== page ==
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ISSUE NO. 6 PROPOSAL


FRONT OF BOOK

“TO BRIDGE THE GAP BETWEEN YESTERDAYS ARTISTS AND TODAYS ARTISTS WE WANT TO CREATE A DIALOGUE BETWEEN THE ‘LEGEND’ AND THEIR MODERN ITERATION”

1970’S ISSUE


FRONT OF BOOK

THE SUPERSTARS

JANE FORTH & COREY GRANT TIPPIN. Jane Forth is an iconic 1970s Warhol superstar and model (named a “new now face” in a 1970 issue of Life Magazine) who starred in Paul Morrissey’s Trash, Women in Revolt, and L’Amour. Known for her exotically aristocratic beauty, plucked brows, rouged cheeks, severe chignons and Bette Davis eyes, Jane Forth is representative of the dizzy glamour of the 1970s factory. Stylist Corey Grant Tippin was a Factory regular and Warhol collaborator who appeared alongside Jane in L’Amour, and the two still remain close friends.We will be featuring Jane and Corey reminiscing about their days in the Factory in the 1970s, and discussing how being a mythic “superstar” has effected the rest of their adult lives.


FRONT OF BOOK

THE ILLUSIONIST

HOLLY WOODLAWN. Holly Woodlawn is a Puerto Rican-born transvestite actress and former Warhol superstar, who appeared in his movies Trash (1970) and Women in Revolt (1972). Her life was summarized by Lou Reed in his song “Walk on the Wild Side”. “...Holly came from Miami FLA, / hitch-hiked her way across the USA, / plucked her eyebrows on the way, / shaved her legs, and then he was a she...”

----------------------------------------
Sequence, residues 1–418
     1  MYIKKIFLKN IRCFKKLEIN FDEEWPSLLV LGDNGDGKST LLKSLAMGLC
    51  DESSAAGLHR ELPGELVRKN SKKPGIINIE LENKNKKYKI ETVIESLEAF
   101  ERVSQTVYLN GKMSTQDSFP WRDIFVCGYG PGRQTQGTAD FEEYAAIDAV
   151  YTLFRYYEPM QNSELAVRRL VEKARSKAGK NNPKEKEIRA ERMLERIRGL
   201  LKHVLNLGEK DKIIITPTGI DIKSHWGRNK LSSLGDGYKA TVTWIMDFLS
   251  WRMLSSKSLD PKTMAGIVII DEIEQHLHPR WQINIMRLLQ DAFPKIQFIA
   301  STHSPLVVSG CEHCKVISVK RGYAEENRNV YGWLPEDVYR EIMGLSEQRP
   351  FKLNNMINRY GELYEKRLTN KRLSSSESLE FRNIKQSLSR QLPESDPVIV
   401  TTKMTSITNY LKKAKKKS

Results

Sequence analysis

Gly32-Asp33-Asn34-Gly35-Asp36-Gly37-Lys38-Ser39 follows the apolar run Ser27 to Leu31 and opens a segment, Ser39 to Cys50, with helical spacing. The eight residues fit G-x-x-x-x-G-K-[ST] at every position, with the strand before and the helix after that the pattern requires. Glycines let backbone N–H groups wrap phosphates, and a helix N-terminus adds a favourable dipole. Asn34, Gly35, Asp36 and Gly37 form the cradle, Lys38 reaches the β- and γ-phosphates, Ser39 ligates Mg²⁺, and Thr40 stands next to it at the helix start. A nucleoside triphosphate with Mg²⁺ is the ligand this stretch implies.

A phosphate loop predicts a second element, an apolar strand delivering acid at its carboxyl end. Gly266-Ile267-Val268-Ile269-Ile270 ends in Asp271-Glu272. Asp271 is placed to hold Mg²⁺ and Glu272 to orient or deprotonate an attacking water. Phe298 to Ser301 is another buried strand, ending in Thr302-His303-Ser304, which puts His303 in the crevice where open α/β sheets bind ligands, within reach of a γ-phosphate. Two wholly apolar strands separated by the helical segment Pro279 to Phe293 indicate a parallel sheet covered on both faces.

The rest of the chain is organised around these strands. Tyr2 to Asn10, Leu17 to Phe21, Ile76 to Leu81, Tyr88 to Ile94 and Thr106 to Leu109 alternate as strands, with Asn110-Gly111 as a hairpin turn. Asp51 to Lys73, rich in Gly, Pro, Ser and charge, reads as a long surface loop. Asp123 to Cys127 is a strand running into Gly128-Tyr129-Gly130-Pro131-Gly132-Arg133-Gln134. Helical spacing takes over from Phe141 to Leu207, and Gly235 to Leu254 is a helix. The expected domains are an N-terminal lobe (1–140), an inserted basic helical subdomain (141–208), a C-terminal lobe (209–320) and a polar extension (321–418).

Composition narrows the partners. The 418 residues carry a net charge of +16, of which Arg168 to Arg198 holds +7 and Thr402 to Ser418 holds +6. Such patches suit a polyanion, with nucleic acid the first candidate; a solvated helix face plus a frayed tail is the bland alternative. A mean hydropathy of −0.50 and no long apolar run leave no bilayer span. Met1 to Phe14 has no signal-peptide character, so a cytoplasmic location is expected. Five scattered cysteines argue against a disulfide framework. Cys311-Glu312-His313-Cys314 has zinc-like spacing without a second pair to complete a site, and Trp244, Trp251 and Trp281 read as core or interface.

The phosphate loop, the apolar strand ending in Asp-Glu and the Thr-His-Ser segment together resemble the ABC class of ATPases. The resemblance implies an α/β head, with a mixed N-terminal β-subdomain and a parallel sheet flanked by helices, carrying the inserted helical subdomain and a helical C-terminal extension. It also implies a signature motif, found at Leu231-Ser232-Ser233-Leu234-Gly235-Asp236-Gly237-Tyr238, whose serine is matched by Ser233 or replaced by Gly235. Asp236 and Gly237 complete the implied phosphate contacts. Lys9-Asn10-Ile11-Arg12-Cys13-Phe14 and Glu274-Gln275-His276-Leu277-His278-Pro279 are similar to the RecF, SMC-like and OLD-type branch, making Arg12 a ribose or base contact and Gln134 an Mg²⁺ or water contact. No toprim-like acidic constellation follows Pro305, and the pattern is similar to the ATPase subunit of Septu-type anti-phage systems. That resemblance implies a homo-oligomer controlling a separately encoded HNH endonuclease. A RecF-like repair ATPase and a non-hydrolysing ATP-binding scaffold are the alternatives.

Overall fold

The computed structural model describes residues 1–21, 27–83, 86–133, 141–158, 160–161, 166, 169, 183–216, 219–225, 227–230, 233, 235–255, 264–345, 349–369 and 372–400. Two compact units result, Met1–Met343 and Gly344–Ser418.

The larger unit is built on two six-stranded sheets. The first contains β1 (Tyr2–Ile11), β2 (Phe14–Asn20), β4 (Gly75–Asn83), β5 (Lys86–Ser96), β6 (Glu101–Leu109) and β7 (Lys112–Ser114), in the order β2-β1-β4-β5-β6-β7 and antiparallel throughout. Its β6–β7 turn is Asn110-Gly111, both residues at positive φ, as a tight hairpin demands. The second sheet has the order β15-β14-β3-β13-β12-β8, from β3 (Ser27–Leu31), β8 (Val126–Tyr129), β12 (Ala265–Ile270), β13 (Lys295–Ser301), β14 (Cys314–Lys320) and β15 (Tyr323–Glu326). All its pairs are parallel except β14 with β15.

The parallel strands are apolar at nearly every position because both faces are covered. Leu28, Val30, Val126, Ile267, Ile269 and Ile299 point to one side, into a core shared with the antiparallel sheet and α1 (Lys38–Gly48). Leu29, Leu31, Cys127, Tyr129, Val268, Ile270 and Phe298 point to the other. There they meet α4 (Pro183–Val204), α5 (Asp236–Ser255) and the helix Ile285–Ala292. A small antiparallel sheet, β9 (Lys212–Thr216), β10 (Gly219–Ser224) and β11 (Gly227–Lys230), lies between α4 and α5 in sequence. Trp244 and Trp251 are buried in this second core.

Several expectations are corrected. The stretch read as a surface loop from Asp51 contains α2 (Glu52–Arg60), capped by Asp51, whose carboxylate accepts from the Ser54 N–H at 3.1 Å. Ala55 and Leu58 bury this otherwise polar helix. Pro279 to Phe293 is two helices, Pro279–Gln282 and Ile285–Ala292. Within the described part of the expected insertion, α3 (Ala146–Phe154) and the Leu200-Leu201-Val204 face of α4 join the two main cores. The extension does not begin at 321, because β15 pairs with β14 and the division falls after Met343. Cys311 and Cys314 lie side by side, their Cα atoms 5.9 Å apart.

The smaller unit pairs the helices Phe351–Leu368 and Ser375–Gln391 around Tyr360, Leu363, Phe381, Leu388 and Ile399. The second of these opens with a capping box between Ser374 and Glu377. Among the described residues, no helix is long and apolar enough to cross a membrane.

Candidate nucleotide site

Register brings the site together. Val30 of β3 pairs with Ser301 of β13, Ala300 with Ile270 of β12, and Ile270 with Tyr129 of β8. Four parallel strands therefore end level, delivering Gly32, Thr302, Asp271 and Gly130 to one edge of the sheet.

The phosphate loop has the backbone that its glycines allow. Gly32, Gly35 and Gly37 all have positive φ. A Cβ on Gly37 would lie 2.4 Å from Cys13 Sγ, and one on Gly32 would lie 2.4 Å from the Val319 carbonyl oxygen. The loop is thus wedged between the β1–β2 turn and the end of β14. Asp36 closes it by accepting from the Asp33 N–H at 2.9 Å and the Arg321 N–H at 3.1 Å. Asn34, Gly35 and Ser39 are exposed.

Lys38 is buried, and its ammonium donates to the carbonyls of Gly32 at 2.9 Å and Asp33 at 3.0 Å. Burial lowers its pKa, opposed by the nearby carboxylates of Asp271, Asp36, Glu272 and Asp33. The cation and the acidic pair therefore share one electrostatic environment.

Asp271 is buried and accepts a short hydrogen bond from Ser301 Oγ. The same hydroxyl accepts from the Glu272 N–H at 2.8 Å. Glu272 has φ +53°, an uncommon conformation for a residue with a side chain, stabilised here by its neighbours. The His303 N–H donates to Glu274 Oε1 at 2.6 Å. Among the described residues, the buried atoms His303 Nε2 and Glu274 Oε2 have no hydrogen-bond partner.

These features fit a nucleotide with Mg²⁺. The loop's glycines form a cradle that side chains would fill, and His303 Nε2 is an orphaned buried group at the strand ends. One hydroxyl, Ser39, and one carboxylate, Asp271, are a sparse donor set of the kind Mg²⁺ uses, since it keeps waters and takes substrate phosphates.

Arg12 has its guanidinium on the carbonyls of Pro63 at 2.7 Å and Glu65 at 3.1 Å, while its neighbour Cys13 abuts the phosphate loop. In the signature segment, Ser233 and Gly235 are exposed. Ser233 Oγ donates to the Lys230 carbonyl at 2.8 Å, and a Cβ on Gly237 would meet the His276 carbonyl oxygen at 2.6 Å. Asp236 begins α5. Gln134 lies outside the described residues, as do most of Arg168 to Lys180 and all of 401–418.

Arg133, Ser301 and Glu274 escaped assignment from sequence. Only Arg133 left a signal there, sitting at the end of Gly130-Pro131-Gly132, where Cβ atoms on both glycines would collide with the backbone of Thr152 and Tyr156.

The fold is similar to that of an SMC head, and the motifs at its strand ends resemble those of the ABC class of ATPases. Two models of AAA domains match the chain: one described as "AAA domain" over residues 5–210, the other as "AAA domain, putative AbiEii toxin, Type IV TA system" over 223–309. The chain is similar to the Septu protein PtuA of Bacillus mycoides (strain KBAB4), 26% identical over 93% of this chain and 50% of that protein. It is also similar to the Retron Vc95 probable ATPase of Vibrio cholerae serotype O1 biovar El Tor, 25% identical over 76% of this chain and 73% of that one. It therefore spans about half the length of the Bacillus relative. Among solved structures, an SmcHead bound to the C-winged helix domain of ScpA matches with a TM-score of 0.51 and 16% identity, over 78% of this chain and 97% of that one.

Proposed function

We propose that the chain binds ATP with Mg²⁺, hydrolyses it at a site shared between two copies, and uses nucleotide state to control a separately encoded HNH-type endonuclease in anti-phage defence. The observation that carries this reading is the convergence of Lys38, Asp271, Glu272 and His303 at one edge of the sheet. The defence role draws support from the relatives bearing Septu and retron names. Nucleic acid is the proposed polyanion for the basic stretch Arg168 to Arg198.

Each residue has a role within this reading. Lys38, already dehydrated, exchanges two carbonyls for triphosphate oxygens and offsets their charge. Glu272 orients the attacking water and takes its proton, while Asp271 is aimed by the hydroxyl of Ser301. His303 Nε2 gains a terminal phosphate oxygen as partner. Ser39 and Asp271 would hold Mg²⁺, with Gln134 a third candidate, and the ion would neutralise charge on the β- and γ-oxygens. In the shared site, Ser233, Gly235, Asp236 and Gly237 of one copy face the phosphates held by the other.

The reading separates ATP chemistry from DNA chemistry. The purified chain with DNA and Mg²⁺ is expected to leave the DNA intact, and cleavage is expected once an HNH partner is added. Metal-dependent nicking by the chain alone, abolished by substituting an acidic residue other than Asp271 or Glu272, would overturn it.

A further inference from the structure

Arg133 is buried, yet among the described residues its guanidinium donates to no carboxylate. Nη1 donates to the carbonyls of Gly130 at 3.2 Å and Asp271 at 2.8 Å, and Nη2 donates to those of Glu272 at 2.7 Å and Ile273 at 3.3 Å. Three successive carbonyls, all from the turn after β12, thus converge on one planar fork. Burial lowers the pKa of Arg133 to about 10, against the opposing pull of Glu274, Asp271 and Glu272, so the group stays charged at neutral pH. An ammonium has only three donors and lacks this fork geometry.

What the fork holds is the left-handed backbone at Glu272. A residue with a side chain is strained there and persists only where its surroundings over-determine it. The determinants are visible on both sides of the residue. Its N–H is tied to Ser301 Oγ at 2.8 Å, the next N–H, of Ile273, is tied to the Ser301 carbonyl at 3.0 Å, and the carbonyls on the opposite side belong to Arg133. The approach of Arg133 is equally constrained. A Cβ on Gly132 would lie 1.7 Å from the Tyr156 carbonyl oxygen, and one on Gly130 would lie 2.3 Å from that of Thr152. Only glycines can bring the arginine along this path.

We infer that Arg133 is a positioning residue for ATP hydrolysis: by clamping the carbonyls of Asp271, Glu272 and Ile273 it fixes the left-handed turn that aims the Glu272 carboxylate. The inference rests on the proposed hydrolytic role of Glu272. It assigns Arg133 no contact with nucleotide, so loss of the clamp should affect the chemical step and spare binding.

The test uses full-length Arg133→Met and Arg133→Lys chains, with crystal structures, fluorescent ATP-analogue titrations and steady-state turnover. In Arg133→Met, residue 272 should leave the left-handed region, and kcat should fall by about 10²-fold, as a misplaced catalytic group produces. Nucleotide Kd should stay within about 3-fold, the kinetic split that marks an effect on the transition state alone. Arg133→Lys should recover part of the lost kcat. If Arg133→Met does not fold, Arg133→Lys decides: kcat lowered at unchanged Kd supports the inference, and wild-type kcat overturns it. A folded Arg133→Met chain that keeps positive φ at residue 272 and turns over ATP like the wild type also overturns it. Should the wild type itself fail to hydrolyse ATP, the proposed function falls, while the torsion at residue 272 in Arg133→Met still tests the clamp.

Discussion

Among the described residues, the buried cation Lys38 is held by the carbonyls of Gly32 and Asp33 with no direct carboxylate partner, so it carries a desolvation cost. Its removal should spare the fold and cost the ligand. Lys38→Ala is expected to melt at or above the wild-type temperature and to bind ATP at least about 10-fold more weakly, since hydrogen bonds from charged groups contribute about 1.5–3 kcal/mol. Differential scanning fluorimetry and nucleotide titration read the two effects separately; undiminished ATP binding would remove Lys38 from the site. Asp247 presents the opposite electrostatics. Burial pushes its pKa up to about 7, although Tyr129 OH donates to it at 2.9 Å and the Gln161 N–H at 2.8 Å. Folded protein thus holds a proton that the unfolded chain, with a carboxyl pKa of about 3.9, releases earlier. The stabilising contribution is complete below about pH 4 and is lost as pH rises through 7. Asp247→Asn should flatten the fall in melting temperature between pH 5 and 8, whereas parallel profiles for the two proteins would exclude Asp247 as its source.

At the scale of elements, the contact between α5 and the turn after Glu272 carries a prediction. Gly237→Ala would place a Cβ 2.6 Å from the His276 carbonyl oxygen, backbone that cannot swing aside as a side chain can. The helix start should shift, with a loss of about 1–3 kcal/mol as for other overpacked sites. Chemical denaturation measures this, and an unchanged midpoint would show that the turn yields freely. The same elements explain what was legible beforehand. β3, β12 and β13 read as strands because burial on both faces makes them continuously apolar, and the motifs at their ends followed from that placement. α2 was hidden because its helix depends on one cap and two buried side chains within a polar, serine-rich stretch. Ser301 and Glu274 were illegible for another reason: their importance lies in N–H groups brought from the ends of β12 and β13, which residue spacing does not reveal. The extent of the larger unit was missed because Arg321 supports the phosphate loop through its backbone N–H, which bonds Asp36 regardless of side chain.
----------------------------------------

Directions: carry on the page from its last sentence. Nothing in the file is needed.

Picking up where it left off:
FRONT OF BOOK

THE PROVOCATEUR

GENESIS P-ORRIDGE. Legend of the Anglo-American underground, and

avant-

and expressive identity and on the language of true

garde anti-hero. In the early 1970s, P-Orridge met

love, P-Orridge and Lady Jaye applied the strategy of

William S. Burroughs, who introduced h/er to Brion

“cutting-up” to their own bodies, in an effort to merge

Gysin, marking the beginning of a seminal and influential

their two identities, through plastic surgery, hormone

collaborative relationship. Burroughs, under Gysin’s

therapy, cross-dressing

tutelage, repopularized the “cut-up” technique of the early

20th

century

Surrealists,

in

which

text,

or

narrative imagery, is cut up and re-organized, creating a new, non-linear formulation. P-Orridge founding

first of

achieved

COUM

recognition

Transmissions,

a

with

the

1969

confrontational

performance collective heavily influenced by Dada, which was later transformed into the band Throbbing Gristle. (P-Orridge would, in 1981, found the ground-breaking band, Psychic TV.) By the time COUM disbanded in 1976, it had helped push the boundaries and shatter the definitions of performance and contemporary art, paving the way for later transgressive work. In the 1990s, P-Orridge began a collaboration with the performance artist Lady Jaye Breyer, which focused on a single, central